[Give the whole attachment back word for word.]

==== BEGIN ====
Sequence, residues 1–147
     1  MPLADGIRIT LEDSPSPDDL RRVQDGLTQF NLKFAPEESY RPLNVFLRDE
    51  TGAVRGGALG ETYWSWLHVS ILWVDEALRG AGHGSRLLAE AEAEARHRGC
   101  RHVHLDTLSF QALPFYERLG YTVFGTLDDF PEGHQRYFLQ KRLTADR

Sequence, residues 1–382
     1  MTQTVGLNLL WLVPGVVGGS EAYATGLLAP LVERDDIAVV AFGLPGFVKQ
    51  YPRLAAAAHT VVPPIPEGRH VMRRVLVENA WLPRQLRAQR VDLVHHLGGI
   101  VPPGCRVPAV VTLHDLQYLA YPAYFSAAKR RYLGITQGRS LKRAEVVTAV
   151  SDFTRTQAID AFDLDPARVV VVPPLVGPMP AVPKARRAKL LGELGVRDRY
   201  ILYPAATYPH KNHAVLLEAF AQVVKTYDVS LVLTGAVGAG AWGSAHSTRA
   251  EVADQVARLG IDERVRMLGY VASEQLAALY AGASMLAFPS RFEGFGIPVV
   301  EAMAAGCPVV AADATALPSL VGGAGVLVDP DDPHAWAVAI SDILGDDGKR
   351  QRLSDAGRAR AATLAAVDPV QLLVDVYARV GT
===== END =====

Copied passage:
Sequence, residues 1–147
     1  MPLADGIRIT LEDSPSPDDL RRVQDGLTQF NLKFAPEESY RPLNVFLRDE
    51  TGAVRGGALG ETYWSWLHVS ILWVDEALRG AGHGSRLLAE AEAEARHRGC
   101  RHVHLDTLSF QALPFYERLG YTVFGTLDDF PEGHQRYFLQ KRLTADR

Sequence, residues 1–382
     1  MTQTVGLNLL WLVPGVVGGS EAYATGLLAP LVERDDIAVV AFGLPGFVKQ
    51  YPRLAAAAHT VVPPIPEGRH VMRRVLVENA WLPRQLRAQR VDLVHHLGGI
   101  VPPGCRVPAV VTLHDLQYLA YPAYFSAAKR RYLGITQGRS LKRAEVVTAV
   151  SDFTRTQAID AFDLDPARVV VVPPLVGPMP AVPKARRAKL LGELGVRDRY
   201  ILYPAATYPH KNHAVLLEAF AQVVKTYDVS LVLTGAVGAG AWGSAHSTRA
   251  EVADQVARLG IDERVRMLGY VASEQLAALY AGASMLAFPS RFEGFGIPVV
   301  EAMAAGCPVV AADATALPSL VGGAGVLVDP DDPHAWAVAI SDILGDDGKR
   351  QRLSDAGRAR AATLAAVDPV QLLVDVYARV GT